The Importance of Healthy Baby Teeth: Why “Baby Teeth Matter”

When it comes to baby teeth, there is no debate that many people don't have a clear understanding of them and the traditional belief in many cultures is to worry about them as a new set, the permanent teeth will soon replace them. At Hello Kids Dentistry, we are faced with many families that just don't care about treating baby teeth and in some cases, they may be right not to. In this article, we attempt to provide an argument for maintaining proper health of primary (baby) teeth for the proper growth and development of a child.



A child’s primary teeth, sometimes called “baby teeth,” are as important as the permanent adult teeth.


Healthy baby teeth:

Foster good nutrition through proper chewingAid in speech developmentBuild self-esteem by providing a beautiful smileEnable a child to pay attention and learn in school without the distraction of dental painSave space in the jaw that is needed for proper development of adult (permanent) teeth.


When Do Baby Teeth Come In?

A baby’s 20 primary teeth are already present in the jaws at birth and typically begin to appear when a baby is between 6 months and 1 year.

When teeth first come in, some babies may have sore or tender gums. Gently rubbing your child’s gums with a clean finger, a small, cool spoon or a wet gauze pad can be soothing. You can also give the baby a clean teething ring to chew on. If your child is still cranky and in pain, consult your dentist or physician. Most children have a full set of 20 primary teeth by the time they are 3.


Why Baby Teeth Matter

Not only do primary teeth help children chew and speak, they also hold space in the jaws for permanent teeth that are growing under the gums. When a baby tooth is lost too early, the permanent teeth can drift into the empty space and make it difficult for other adult teeth to find room when they come in. This can make teeth crooked or crowded. That’s why starting infants off with good oral care can help protect their teeth for decades to come. The one other concept we never talk about but can be the most important is esthetics during development. When a child starts first grade, there is a chance that they may inevitably feel shame if they are missing their upper front teeth and their classmates aren't, especially when other kids can notice it and point it out.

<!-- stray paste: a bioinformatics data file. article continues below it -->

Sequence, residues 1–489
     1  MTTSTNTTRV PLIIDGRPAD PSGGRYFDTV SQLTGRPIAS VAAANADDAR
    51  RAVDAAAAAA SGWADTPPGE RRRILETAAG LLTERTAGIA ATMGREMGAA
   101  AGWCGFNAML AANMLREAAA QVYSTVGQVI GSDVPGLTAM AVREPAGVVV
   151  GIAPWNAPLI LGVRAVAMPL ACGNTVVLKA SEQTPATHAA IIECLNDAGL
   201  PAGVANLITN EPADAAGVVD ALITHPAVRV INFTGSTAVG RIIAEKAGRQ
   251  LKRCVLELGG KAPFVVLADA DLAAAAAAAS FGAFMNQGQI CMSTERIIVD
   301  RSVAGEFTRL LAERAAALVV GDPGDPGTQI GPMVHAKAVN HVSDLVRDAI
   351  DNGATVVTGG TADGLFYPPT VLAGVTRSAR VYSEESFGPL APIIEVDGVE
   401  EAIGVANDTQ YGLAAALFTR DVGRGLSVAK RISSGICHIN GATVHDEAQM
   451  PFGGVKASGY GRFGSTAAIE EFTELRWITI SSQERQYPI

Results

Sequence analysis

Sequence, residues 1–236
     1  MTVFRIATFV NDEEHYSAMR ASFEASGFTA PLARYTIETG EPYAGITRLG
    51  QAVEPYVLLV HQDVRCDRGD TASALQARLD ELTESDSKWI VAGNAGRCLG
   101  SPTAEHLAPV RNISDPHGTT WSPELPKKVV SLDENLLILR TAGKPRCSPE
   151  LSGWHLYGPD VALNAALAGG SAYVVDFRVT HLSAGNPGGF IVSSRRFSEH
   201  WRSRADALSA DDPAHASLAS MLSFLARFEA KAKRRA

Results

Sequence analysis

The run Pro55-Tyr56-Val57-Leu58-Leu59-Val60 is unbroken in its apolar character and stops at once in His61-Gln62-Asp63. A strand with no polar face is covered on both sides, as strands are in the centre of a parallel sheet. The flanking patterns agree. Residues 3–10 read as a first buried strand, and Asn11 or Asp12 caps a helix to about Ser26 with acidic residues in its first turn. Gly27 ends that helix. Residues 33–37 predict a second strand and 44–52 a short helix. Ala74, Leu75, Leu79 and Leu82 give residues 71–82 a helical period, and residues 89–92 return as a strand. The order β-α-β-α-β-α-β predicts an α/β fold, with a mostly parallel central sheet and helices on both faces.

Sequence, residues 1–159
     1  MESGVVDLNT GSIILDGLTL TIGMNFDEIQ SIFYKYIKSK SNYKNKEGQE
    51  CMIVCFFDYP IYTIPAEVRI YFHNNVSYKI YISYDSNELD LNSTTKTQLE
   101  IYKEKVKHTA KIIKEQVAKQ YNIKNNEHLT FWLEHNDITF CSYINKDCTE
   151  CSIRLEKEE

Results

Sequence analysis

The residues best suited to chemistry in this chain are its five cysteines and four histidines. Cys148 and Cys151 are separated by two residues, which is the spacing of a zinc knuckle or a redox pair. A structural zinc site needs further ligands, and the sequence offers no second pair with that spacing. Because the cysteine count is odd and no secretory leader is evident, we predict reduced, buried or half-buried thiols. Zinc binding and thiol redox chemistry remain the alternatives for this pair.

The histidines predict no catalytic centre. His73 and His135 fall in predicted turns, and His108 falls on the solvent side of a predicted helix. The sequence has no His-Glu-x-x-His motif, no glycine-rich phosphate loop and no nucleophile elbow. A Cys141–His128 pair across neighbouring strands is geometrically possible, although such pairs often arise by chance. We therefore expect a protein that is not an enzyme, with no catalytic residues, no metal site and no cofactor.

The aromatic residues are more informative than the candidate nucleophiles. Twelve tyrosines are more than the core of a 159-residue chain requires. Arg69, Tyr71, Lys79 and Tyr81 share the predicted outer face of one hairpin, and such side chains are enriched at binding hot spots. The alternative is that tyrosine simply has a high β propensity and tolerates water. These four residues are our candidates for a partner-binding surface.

When Should I Start Taking My Child to the Dentist?

At Hello Kids Dentistry, we follow the guidelines of the AAPD. The AAPD recommends that a pediatric dentist examine a child within six months after the first tooth comes in and no later than the first birthday. A dental visit at an early age is a “well-baby checkup” for the teeth. Besides checking for tooth decay and other problems, the dentist can show you how to clean the child’s teeth properly and how to evaluate any adverse habits such as thumb-sucking.


How to Care for Your Child’s Teeth

It’s important to care for your baby’s teeth from the start. Here’s a protocol we provide to patients at Hello Kids Dentistry:


Begin cleaning your baby’s mouth during the first few days after birth by wiping the gums with a clean, moist gauze pad or washcloth. As soon as teeth appear, decay can occur. A baby’s front four teeth usually push through the gums at about 6 months of age, although some children don’t have their first tooth until 12 or 14 months.For children younger than 3 years, caregivers should begin brushing children’s teeth as soon as they begin to come into the mouth by using fluoride toothpaste in an amount no more than a smear or the size of a grain of rice. Brush teeth thoroughly twice per day (morning and night) or as directed by a dentist or physician. Supervise children’s brushing to ensure that they use of the appropriate amount of toothpaste.For children 3 to 6 years of age, use a pea-sized amount of fluoride toothpaste. Brush teeth thoroughly twice per day (morning and night) or as directed by a dentist or physician. Supervise children’s brushing and remind them not to swallow the toothpaste.Until you’re comfortable that your child can brush on his or her own, continue to brush your child’s teeth twice a day with a child-size toothbrush and a pea-sized amount of fluoride toothpaste. When your child has two teeth that touch, you should begin flossing their teeth daily.


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